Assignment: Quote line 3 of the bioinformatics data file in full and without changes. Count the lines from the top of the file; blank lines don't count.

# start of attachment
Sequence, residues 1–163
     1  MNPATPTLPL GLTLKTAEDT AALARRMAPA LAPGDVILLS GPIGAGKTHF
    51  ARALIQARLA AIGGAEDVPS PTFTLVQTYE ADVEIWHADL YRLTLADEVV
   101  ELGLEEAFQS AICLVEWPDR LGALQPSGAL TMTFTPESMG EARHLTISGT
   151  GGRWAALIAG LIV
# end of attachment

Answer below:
    51  ARALIQARLA AIGGAEDVPS PTFTLVQTYE ADVEIWHADL YRLTLADEVV